In The Fall of Rome, the author Bryan Ward-Perkins sees the fall of Rome as a time of dismay and displacement that destroyed a great civilization. Ward-Perkins uses modern archaeological evidence to look at both the wider explanations for the breakdown of the Roman world and also the consequences for the lives of everyday Romans who were experiencing economic collapse and being raided by barbarians. The book recaptures the violence and drama of the last days of the Roman world. It also reminds us of the existent horrors of barbarian occupation.
In Tim Dunkin’s review on The Fall of Rome and the End of Civilization, he believes Ward-Perkins’ information is more accurate than others who have written on this topic. “He does this by bringing to the table a perspective that many other academics in this field of study don't have — that of a field archaeologist who is used to digging in the dirt, finding artifacts, drawing logical conclusions from the empirical evidence, and then using that evidence to decide "what really happened," rather than just literary sources and speculative theories.” Dunkin is somewhat being biased assuming that others who have written about the fall of Rome have not used empirical evidence. Tim states that the book is clearly a warning to us today of those who are socially and fiscally ripping the nation apart. That makes me agree with Dunkin when he says not all barbarians are outsiders. They should not actually be called barbarians because that is not exactly what they were. The Western empire was not destroyed by the invasion of the Germanic tribes; it was simply “transitioned” into the Middle Ages. I may not say that I entirely agree with this simply because the book gives examples of numerous atrocities.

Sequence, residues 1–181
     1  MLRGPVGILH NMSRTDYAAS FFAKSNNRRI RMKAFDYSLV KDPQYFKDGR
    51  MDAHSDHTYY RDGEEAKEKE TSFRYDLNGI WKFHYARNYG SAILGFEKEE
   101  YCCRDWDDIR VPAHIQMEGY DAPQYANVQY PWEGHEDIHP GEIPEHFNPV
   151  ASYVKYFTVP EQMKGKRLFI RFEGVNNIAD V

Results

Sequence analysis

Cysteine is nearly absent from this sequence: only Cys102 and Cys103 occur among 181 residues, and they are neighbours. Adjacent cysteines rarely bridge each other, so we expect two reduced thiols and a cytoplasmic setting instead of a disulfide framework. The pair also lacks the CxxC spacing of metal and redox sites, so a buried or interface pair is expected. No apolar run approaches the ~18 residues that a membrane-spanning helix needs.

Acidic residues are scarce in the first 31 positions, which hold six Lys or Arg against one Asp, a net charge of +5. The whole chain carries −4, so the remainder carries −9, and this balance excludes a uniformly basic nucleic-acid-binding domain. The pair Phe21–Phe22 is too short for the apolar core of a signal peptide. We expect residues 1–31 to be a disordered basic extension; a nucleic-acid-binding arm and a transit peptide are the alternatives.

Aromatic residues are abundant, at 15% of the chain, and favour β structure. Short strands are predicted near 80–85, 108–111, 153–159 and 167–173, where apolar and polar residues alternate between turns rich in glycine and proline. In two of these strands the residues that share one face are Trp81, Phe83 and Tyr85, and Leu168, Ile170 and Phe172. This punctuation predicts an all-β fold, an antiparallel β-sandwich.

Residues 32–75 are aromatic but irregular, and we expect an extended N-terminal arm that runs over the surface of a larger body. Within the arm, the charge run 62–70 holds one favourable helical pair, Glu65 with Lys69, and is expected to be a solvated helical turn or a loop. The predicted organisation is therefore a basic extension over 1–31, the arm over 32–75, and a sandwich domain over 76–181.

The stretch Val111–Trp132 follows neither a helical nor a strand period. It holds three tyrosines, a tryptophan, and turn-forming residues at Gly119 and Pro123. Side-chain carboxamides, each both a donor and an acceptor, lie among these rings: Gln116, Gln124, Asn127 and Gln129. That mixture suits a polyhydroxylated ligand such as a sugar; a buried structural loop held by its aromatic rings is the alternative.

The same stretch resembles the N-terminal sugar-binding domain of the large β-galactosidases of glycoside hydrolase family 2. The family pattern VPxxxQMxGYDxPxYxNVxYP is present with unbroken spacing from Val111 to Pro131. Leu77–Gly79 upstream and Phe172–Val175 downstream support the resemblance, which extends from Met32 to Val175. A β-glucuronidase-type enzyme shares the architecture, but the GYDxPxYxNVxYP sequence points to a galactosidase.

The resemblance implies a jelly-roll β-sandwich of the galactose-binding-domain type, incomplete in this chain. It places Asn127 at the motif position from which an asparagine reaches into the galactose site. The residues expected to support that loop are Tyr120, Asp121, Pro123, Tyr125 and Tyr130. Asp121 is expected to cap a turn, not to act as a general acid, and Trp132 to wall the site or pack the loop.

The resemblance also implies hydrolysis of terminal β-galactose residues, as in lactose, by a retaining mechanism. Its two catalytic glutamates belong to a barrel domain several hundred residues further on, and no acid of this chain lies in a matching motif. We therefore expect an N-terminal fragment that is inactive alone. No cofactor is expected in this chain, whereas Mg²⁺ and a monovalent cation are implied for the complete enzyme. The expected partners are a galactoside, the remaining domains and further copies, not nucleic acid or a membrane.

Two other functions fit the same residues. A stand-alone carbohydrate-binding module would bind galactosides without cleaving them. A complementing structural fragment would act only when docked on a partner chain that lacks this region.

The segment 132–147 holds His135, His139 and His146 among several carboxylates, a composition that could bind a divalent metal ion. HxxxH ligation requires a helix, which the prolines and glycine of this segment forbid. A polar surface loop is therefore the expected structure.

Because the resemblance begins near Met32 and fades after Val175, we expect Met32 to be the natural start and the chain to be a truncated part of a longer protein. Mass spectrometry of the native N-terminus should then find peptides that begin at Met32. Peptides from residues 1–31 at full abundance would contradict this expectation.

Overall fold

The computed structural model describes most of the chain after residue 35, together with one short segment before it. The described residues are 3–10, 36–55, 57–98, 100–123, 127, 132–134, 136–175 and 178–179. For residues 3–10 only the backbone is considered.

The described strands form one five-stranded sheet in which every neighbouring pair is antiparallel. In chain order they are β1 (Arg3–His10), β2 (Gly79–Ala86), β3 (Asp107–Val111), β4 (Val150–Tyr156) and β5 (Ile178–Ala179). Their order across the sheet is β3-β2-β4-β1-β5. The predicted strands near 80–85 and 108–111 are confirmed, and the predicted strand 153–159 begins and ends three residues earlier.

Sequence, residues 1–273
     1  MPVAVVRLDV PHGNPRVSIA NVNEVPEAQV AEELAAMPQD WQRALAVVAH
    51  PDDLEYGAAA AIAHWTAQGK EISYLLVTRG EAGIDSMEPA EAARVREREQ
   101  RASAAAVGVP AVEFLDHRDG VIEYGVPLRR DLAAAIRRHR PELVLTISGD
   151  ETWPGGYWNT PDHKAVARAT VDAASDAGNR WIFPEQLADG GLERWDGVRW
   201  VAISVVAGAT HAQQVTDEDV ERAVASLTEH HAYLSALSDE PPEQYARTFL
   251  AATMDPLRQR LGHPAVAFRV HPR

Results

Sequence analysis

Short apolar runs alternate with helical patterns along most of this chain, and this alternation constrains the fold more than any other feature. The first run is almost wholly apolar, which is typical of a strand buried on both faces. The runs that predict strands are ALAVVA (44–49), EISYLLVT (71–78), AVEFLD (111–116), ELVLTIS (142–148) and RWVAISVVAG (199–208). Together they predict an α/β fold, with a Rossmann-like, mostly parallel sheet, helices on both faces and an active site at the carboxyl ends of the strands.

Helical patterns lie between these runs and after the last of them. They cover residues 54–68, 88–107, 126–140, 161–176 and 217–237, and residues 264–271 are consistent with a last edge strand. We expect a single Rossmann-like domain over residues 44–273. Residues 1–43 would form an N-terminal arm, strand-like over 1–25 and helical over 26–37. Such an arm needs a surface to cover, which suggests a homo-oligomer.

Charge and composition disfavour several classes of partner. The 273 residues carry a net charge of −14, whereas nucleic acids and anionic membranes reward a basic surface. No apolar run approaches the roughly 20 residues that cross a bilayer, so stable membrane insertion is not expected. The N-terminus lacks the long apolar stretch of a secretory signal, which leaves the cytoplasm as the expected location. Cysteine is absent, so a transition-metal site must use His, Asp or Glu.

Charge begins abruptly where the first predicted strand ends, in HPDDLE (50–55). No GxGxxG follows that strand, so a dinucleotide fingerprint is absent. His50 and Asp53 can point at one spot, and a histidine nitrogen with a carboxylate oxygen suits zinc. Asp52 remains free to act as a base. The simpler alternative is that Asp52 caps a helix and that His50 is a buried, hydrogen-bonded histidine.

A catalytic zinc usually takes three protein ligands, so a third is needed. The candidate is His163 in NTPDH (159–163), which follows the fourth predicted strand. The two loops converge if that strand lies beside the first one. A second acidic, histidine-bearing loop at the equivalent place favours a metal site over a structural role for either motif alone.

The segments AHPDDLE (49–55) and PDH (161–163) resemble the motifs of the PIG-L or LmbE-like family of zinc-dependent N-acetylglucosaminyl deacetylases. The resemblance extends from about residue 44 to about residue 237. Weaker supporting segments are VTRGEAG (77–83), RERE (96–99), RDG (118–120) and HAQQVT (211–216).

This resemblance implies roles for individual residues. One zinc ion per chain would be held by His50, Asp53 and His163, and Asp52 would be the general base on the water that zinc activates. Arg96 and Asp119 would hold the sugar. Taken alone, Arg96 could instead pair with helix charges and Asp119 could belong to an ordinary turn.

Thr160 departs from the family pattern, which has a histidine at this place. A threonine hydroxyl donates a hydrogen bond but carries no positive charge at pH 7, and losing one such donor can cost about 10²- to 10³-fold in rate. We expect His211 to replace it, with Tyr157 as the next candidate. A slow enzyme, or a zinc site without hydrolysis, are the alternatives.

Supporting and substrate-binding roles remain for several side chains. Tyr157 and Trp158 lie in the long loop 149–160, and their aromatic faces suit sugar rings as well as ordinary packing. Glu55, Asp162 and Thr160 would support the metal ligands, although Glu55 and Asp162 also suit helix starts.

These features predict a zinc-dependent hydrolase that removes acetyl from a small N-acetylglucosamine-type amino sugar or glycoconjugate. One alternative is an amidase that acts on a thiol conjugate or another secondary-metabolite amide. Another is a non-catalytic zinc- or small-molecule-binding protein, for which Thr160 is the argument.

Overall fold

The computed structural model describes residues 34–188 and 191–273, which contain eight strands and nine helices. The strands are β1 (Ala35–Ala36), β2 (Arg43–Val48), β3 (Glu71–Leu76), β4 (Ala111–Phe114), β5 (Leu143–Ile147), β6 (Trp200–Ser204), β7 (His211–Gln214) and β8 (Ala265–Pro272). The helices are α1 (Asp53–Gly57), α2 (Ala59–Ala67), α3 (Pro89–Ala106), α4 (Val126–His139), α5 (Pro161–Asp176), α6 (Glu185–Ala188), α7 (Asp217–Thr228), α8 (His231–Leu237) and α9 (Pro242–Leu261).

Like Tim Dunkin, another reviewer of the book, Skarr, agrees that Ward-Perkins also did a remarkable amount of research. The book is not only backed by empirical evidence, but by historical references. The thesis of the book...
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